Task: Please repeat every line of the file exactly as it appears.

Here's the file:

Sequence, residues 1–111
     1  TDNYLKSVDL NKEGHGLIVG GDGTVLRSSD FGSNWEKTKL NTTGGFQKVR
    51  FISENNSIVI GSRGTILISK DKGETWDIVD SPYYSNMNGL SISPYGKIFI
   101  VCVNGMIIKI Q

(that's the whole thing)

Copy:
Sequence, residues 1–111
     1  TDNYLKSVDL NKEGHGLIVG GDGTVLRSSD FGSNWEKTKL NTTGGFQKVR
    51  FISENNSIVI GSRGTILISK DKGETWDIVD SPYYSNMNGL SISPYGKIFI
   101  VCVNGMIIKI Q